Experts Available: USMCA

Strategic Communications Associate

This Wednesday, January 29th, President Trump will sign the U.S.-Mexico-Canada (USMCA) trade agreement into law. If you're looking for expertise on the agreement, how it differs from NAFTA, and what it could mean for the economies of all three countries, these scholars are available and ready to comment. 


City University of New York

"While the congressional ratification of the USMCA is a promise of continuity and stability in the North American region, those who hope it will mean more favorable outcomes for the environment, labor rights, or jobs may be disappointed. Just like the original NAFTA deal, this one was hammered out behind closed doors and meets the specifications of big corporations. The 99% in all three countries were closed out of the negotiation and shouldn't expect to gain much of use from this deal."

University of North Carolina at Chapel Hill

"While some organized labor groups complain that the USMCA doesn’t address offshoring in industries other than automobiles – indeed, part of the expected benefit to US firms is continued supply chain efficiency – the agreement does include wage-based limitations in the automobile sector. And the USMCA negotiating process included reforms to Mexico’s labor law. It remains to be seen how well these reforms will be implemented in practice, but the new 'rapid response mechanism' (to complaints of labor rights violations) may offer an improvement over NAFTA in this respect."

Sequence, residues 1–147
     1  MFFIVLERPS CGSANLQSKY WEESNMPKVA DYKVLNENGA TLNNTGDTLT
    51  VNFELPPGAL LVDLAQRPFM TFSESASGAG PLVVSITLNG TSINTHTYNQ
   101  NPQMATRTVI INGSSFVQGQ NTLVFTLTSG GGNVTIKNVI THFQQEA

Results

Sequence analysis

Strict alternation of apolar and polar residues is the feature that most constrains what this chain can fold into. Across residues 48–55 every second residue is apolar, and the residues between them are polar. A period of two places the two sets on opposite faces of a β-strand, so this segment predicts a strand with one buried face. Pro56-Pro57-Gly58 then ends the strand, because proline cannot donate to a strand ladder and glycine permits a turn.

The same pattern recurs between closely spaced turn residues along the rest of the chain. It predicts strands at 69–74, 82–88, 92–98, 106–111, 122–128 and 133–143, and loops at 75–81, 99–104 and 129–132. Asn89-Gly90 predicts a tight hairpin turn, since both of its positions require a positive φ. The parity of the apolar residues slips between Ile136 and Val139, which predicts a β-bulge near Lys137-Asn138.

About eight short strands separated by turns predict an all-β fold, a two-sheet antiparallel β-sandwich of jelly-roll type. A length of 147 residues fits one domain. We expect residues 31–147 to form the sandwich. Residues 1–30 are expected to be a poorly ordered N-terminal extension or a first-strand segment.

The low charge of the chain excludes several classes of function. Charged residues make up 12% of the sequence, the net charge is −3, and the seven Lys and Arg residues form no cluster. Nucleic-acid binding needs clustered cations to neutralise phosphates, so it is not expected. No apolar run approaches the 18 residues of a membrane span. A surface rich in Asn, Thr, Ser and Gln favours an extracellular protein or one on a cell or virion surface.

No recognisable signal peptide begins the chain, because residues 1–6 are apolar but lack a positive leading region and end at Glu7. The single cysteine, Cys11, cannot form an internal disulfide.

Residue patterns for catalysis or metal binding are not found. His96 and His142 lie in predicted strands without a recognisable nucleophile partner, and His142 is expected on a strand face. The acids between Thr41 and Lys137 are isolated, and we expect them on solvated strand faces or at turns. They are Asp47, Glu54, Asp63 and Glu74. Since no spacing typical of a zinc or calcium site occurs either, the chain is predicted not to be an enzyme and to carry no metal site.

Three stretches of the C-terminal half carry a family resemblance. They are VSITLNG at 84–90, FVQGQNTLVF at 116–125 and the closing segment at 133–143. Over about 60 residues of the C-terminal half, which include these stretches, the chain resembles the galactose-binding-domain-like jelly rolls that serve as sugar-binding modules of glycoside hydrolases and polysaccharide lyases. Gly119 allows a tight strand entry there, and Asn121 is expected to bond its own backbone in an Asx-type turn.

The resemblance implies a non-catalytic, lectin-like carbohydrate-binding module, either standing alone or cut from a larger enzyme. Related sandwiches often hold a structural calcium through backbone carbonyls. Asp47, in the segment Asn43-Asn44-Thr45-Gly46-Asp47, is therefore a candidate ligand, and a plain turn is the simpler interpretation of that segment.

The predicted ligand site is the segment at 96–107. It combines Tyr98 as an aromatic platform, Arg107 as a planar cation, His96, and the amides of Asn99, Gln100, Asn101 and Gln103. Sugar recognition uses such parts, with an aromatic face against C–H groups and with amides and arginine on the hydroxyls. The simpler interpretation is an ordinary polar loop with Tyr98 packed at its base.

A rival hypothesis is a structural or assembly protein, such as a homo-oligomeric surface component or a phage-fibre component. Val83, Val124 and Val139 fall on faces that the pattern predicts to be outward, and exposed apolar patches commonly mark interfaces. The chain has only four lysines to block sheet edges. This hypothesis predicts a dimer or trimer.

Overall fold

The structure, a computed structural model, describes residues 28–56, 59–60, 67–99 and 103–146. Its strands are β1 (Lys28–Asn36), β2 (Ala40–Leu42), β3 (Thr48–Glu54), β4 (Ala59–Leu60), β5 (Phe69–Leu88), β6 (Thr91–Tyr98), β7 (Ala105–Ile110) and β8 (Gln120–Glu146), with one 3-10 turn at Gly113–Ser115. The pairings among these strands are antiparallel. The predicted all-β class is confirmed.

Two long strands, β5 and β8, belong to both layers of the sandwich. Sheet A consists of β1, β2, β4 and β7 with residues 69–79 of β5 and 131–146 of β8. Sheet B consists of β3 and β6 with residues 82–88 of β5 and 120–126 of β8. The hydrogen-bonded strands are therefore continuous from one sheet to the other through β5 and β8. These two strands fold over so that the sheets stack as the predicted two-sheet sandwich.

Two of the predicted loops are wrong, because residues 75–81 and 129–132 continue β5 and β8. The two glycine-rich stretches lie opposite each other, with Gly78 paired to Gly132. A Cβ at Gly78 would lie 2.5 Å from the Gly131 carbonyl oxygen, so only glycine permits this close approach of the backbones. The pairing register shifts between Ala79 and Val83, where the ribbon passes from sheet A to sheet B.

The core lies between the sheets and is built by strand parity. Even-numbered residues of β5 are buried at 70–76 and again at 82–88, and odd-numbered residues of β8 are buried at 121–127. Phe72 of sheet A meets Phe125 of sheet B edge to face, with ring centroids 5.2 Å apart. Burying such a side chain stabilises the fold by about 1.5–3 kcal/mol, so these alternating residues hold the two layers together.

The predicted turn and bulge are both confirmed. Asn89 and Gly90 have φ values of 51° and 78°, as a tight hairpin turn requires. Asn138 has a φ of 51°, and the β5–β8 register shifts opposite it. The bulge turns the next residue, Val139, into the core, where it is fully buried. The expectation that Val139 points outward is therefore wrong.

Phillips Exeter Academy

"The USMCA is a victory for all three parties - an explicitly political victory for President Trump and a vehicle for economic stability and investment in Canada and Mexico. For Canada and the U.S. in particular, the agreement is a concrete expression of the "intangibles" that have driven their relationship for 150 years."

University of Pittsburgh

"That U.S. labor leaders like Richard Trumka endorsed the USMCA says a lot about provisions for workers. Yet weaknesses remain. For example, provisions intended to increase auto production and jobs in the US and Canada may lead firms to automate production (or move entirely offshore) instead of paying higher labor costs."

University of Notre Dame

“The USMCA that President Trump will sign is a much improved version of the weak one he negotiated over a year ago. The new version is a result of labor unions, environmental organizations, consumer organizations, and Democratic members of Congress demanding stronger protections for workers, consumers, and the environment — and winning. They eliminated most investor-state dispute settlement mechanisms, strengthened labor protections across the continent, and ensured the pharmaceutical companies cannot gouge consumers for certain types of life-saving medicine. Although it should in no way be seen as a perfect model for future free trade agreements, it is arguably the best fair trade activists have achieved."

Katheryn (Kadee) Russ
University of California, Davis

Email: [email protected]

“The shift toward unilateralism involves costs for U.S. households, dampens macroeconomic growth, and has implications for national security in the future. At the same time, the country must consider how to address the real challenges faced by communities struggling in the face of broader shifts in economic activity.”